Currently, when everything is going digital, you can’t help but go with the flow. Social media is so in and youngsters you are not even old to be on them have multiple accounts. The selfie trend has gone to such an extent that taking an inappropriate selfie and posting them online is nothing but common. Social media platforms like Facebook, Instagram and Snapchat are not safe, especially for youngsters. Refraining children from using the internet can backfire terribly and curfews rarely make any difference, instead, they make the banned thing seem more appealing to the ones who are kept from it.
So, instead of banning social media and even internet, some productive and learning websites can be used to direct the young generation on the good road. The ‘sites mentioned below are for children, especially girls, who are below age 13.
1.New Moon Girls
Founded in 2008 (Website), 1993 (Magazine).
Nancy Gruver founded New Moon magazine for her twin tween daughters. Her aim was to start a magazine “run by girls where girls share about their real lives and problems, their dreams and their challenges.” She did succeed in that. Later, she started a website for the magazine as well.
The magazine contains zero advertisement and is all about promoting real-girl image. “Bombarded by “perfect girl” stereotypes and hyper-sexualized images, girls try to cope by taking their authentic voices underground and setting aside their earlier ambitions. In order to survive these pressures, they lose touch with themselves,” believes Nancy.
Fashion blogger Tavi Gevinson runs Rookie, an American e-magazine for teenage girls, which contains art and writing from a wide variety of contributors, including journalists, celebrities, and the magazine’s readers. The content ranges from pop culture and fashion to adolescent social issues and feminism. They publish writing, photography, and other forms of artwork by and for teenagers (and their cohorts of any age!) from all over the world.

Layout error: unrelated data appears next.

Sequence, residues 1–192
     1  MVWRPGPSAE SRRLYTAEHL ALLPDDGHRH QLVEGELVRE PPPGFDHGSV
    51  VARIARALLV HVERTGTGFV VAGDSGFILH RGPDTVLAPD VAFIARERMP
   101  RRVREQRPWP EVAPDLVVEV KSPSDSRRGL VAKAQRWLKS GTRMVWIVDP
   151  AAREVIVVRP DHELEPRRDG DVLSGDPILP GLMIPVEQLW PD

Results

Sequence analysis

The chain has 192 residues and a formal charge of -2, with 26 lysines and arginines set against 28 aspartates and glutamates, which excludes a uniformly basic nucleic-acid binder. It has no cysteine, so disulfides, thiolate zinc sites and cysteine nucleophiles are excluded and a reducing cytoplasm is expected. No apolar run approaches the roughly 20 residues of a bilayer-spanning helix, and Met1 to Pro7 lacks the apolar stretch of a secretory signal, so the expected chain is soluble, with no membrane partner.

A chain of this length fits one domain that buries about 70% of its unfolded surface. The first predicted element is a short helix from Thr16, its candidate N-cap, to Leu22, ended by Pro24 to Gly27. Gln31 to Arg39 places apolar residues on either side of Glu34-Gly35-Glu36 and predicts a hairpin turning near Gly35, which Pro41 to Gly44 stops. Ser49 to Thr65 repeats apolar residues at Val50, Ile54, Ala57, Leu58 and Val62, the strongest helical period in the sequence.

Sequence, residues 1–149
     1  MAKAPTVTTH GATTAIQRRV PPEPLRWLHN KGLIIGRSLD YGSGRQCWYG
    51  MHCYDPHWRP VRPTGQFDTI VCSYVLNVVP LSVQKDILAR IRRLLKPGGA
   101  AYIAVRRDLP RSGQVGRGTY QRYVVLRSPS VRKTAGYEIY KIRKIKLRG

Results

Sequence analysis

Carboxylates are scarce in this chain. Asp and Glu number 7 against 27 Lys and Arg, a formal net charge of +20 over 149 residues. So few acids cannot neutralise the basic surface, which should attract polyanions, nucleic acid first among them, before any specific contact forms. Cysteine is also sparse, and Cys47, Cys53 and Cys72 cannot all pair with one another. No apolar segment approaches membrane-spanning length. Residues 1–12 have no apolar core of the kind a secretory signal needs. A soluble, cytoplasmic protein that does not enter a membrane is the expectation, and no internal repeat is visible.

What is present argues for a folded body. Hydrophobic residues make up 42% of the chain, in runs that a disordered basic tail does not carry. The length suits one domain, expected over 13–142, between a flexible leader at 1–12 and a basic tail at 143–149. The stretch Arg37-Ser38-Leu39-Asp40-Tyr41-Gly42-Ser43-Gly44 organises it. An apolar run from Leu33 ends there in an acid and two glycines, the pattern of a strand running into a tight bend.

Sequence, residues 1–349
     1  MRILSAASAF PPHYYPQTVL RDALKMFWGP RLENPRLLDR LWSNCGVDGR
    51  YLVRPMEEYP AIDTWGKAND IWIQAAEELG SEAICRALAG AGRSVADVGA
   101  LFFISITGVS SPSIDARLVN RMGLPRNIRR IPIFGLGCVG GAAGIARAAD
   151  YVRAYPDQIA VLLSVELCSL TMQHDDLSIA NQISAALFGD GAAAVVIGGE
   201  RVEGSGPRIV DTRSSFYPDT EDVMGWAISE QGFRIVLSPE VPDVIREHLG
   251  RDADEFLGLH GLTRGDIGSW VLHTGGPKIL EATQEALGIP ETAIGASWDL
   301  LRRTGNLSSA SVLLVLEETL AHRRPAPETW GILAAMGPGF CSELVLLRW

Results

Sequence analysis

3.Miss O and Friends
Probably one of the first websites for tweens, Juliette Brindak (26), who was 16 then, co-founded Miss O and Friends with her mother, Hermine, in 2005. The website was created for Juliette’s sister in her tweens, Olivia (the real Miss ‘O’) and her friends (other four girls in their header) to help them get through school.
The aim of the ‘site is to help little girls out there to build self-esteem and providing a common forum for them to ask and share about growing up. Anyone from all around the world can contribute to the website. They also run a book series and give gifts to their users.
This Dutch ‘site contains fashion stuff, celeb news and it is also place to connect with other girls around the world. The latter part is perfect for learning about different cultures and making friends while not risking your privacy and identity theft.
Founded by Karen Bokram, this magazine is packed with ‘real information and advice—from academic success to peer pressure to time-management and stress-relieving tips; from growing up to boosting self-esteem.’
The ‘site, which is a sort of an e-mag has really helpful articles and fun quizzes for girls. Good place for girls to seek advice. You can connect with girls all over the world. The privacy and identity issues are not something you will experience on any of these websites. No one can ask for your personal information without the website’s admin intervening.
Started as a bimonthly American preteen magazine, later developed a ‘site in 2008, Catherine Lee’s focus was on creating a magazine for girls going through their preteens. Lee had the unique idea for her magazine. She selected 12 school-going girls, from her state, to contribute input on what is significant to them and what matters to them as girls. The same approach was conducted from 2000 to 2012 by Lee for the magazine. For each new issue of Discovery Girls magazine, Catherine would select 12 girls from a US state or province and take their input.
Girls Inc is an NGO which has been working for 146 years. “Girls Inc. knows that girls get a lot of negative messages telling them they can’t do things or should look and behave in certain ways just because they’re girls. Girls Inc. is there to remind girls that this is just…well, nonsense.” Girls Inc helps you to set a goal and track and work on it. Perfect place to motivate girls.